Saturday, February 01, 2020
The NFM Wroclaw Philharmonic, with conductor Giancarlo Guerrero, gave a concert of enormous energy and emotional impact on Feb.1 to a small audience in Weill Hall. This orchestra has been a major cultural force in Poland since 1949, playing under many renowned conductors and has been committed to pr...
EXTRAVAGANT ARIAS IN NEXT GENERATION TENORS GALA VALLEJO CONCERT
by Mark Kratz
Saturday, February 01, 2020
“Beautiful, strange, and unnatural…” said orchestra conductor Thomas Conlin when speaking of the tenor voice. One of the coveted voice types of the opera world, the tenor voice is known for it’s piercing tones and soaring, unnatural high notes. The iconic image of the Pagliacci clown (in the famed...
OTHER REVIEW
Mendocino Music Festival / Sunday, July 10, 2016
Festival Orchestra, Alan Pollack, conductor. Stephan Prutsman, piano.

Pianist Stephan Prutsman

ANGUISH AND TRIUMPH IN MENDOCINO FESTIVAL'S BIG TENT

by Kayleen Asbo
Sunday, July 10, 2016

The Mendocino Music Festival is highlighting Beethoven this summer, and July 10’s program in the tent could have appropriately borrowed the subtitle from Jan Swafford’s 2014 biography of the composer, Anguish and Triumph.

The Festival’s second classical concert paired two Beethoven works with Tchaikovsky’s brooding Fifth Symphony in E Minor, Op. 64. It was an apt pairing, showing both sides of the two mercurial composers, each of whom were both plagued by acute despair, struggled through enormous life challenges, and used music autobiographically to wrestle with their demons and chart a course towards renewed hope and confidence.

The program had a rousing start with the jubilant finale of Beethoven’s A Major (Seventh) Symphony, Op.92. Written at the apotheosis of his fame and fortune, this symphony was during Beethoven’s lifetime one of the most celebrated and cherished of his compositions, with movements frequently repeated in performance, excerpted to stand alone, and even inserted into other symphonies. The brisk tempo and passionate, climactic crescendo (supported ably by the stirring tympani) set the tone for the concert: this would be an evening of bold gestures and dramatic contrasts.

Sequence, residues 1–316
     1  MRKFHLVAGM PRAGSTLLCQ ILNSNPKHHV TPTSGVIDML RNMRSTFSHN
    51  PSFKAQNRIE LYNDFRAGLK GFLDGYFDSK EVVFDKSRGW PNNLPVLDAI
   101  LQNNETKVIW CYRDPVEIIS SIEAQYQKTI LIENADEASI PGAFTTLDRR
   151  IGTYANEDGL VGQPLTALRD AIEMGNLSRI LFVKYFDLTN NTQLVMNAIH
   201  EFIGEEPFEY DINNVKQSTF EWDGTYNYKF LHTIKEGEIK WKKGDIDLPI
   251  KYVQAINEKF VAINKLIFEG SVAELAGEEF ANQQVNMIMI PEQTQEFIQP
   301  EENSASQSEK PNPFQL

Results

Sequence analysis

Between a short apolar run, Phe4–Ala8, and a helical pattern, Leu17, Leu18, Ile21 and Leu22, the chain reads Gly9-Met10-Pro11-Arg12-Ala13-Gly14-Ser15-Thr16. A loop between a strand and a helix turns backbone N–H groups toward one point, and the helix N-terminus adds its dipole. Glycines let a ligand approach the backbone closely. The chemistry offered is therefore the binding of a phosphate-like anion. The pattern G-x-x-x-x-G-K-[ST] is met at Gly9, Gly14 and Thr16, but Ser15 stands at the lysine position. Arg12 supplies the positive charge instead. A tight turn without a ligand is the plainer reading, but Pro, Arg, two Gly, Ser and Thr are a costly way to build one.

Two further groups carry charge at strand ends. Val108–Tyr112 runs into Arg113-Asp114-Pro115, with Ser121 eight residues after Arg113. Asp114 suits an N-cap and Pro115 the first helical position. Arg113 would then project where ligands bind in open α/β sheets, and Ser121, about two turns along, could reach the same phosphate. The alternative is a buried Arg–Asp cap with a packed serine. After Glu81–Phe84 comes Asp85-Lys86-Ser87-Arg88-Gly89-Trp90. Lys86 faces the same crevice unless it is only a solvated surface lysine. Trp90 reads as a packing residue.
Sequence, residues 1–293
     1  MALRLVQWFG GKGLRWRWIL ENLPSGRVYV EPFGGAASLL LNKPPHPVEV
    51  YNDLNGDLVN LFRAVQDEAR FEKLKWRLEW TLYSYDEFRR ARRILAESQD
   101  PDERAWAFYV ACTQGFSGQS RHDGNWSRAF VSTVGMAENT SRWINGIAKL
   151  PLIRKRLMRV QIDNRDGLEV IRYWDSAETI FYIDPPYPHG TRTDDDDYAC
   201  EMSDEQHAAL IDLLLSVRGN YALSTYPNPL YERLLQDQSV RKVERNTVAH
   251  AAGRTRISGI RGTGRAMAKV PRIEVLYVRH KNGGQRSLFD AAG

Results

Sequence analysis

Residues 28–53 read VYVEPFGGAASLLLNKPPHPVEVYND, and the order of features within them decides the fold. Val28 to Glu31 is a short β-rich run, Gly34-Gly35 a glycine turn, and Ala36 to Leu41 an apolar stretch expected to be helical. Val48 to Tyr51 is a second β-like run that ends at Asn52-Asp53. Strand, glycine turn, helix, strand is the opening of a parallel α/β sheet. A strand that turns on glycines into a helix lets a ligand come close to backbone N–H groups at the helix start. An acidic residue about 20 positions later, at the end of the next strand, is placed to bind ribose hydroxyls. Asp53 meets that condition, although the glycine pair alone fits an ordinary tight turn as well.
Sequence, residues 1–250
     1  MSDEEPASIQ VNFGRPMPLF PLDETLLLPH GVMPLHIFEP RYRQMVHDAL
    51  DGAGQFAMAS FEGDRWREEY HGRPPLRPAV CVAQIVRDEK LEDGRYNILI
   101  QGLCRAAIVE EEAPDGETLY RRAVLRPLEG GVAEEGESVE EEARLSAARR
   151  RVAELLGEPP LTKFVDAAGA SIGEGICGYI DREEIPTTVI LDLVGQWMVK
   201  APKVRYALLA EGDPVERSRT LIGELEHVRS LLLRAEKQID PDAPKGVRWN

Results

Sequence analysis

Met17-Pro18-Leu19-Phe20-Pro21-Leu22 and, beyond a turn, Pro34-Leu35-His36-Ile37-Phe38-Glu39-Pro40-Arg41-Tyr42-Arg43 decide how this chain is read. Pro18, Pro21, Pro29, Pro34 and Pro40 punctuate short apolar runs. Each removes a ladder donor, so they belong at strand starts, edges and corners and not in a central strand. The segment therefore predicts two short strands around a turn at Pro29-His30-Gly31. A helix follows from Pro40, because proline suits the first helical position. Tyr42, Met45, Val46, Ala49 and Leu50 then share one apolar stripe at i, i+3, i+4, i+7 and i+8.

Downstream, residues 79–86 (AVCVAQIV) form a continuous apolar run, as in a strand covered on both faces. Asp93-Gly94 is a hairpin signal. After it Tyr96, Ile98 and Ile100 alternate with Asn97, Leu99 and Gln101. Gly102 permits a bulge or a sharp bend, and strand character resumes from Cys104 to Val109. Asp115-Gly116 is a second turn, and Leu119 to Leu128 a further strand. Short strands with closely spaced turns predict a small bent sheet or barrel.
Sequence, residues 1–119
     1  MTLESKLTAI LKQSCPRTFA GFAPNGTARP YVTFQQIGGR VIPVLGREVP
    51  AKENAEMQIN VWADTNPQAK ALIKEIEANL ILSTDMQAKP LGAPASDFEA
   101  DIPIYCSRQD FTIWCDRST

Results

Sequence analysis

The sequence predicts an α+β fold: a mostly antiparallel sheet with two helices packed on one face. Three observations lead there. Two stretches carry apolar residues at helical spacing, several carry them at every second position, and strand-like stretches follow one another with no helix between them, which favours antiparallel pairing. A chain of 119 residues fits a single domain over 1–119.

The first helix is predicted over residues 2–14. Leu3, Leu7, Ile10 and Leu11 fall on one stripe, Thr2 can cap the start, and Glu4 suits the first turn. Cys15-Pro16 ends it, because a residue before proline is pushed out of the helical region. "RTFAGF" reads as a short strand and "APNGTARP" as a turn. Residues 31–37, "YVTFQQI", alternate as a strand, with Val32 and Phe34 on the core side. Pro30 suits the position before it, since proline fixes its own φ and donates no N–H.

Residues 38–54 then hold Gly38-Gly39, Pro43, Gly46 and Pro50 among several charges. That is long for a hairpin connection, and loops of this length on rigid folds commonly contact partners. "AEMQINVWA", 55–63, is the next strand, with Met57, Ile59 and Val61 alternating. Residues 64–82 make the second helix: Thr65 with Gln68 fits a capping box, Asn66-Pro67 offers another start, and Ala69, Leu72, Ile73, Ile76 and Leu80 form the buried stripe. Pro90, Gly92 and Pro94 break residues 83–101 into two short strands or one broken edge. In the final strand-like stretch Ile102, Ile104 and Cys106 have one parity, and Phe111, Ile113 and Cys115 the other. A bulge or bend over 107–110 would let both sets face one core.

Pianist Stephen Prutsman then performed the Beethoven Third Concerto, Op. 37, to exuberant applause. Clearly well beloved by the Festival audience, his affable smile showed him to be confident and at ease in approaching this pivotal work. Written in Beethoven’s “fate” key of c minor (the same key of his iconic Fifth Symphony), the dark and ominous opening was crisply articulated by the strings before the theme was boldly proclaimed in brass. Mr. Prutsman’s initial pianistic entrance stressed the heroic aspect of the composer’s musical personality before giving way to gossamer trills and delicate arpeggios. The alternating “velvet and steel” approach was particularly effective in the developmental section as a rising wind began to whip around the performance tent, adding outside drama. If technically there were some moments of stumbling in the challenging cadenza, there were also moments of great beauty, as when Mr. Prutsman lavished deep tenderness on the gorgeous second theme.

Though orchestra and soloist needed more communion and perhaps eye contact in order to be in sync with one another at the end of the pianistic runs, the conclusion of the cadenza brought them together. Beginning sotto voce they rose in urgent unison to deliver a stirring and effective climax.